Discussion in 'Frontpage news' started by Hilbert Hagedoorn, Jul 6, 2020.
Of course it is.
its not, the standards consortium hasn't assigned VVC a number yet.
The creators call it VVC/H.266 so you can safely assume it exists.
The creators don't get to decide on the number.
Ok man good talk.
Is every movie going to look like a cartoon now?
Meanwhile everyone except Netflix/Amazon prime and Apple store is still on H.264 and Youtube support for H.265 is still experimental, despite having equivalent Google developped format.
The 2080-ti can barely record H.265 4k60 with its onboard ship, and it comes out with artefacts and massive framerate drop.
what gpu decode h266 with hardware? future rtx 3080ti support h266?
We don't know.
As DICE would put it "we don't have the technology"
Bitrate doesn't mean quality. There are already the "feature" profiles and the "performance" tiers and levels (both defining a maximum bitrate) for both AVC and HEVC. Industry already needs to qualify for some specifics profiles, tiers and levels depending of the product they are selling. Other profiles, tiers and levels are optional (eg: 10 bit on AVC, where no known hardware on earth is able to decode it with hardware acceleration, despite tons of stupid people re-encoding anime to 10-bit AVC for futile reasons but refusing to use HEVC where 10-bit hardware decoding is part of the standard and where 10-bit encoding offers better compression for animated videos)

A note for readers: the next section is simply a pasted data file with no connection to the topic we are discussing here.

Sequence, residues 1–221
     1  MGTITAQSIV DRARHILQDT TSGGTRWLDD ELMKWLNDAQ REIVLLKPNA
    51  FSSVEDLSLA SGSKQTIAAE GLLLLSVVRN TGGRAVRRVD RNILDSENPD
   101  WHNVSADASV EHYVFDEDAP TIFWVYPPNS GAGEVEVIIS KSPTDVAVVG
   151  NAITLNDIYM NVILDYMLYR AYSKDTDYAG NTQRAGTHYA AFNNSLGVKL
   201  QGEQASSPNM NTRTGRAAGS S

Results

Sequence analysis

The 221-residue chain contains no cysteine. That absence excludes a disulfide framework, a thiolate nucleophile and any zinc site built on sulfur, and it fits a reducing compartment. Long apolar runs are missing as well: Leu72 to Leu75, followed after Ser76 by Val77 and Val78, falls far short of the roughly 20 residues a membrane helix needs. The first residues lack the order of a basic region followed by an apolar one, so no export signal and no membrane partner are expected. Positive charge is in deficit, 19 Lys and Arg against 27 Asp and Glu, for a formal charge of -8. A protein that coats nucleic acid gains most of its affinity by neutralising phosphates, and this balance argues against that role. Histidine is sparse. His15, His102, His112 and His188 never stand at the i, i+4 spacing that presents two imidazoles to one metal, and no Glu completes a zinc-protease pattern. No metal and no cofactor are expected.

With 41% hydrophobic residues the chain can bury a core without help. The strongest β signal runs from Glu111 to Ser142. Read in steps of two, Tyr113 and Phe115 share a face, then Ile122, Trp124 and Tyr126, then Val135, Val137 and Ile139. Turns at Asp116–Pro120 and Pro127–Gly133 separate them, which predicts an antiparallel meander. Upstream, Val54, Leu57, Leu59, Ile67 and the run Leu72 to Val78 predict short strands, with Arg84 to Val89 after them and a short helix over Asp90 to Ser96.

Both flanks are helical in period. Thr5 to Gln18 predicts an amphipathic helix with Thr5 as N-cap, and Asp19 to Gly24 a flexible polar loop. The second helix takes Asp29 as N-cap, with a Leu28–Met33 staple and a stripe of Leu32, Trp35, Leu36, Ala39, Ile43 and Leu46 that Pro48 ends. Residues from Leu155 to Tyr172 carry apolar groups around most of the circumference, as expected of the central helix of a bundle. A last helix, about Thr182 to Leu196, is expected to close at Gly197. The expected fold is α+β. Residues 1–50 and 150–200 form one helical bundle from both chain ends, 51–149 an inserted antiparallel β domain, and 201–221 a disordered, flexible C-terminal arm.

The issue with platforms like YouTube is that you already upload (probably bad) compressed videos and the servers compress them again (and again on every new codec added)
Probably the next-next-gen, like the 40 series RTX, but realistically you won't need it until much later, maybe another 5 years.
Quantizer? Constant Quality variable bitrate encoding modes?
You can safely assume that a decoder can be built leveraging the current amd and nvidia hardware.
Then if you mean that general purpose hardware should decode it with 1% cpu utilization and 1% gpu utilization, well probably no.
I'm interested to see how they came up with the same quality. Objectively the image has to be worse, it's just the test group they showed it to rated the image quality the same as H.265. Could be cool though, if the claim is true, and in a decade or so when we have HW to actually use it.
Compressed video (and audio) and looks acceptable, until or unless you have a chance to view the original direct-from-camera high bitrate version. Then it is plainly obvious what the re-compression to lower size high-compression did to it.
Wake me up when youtube 480p streaming with 64kbps internet is possible (smooth).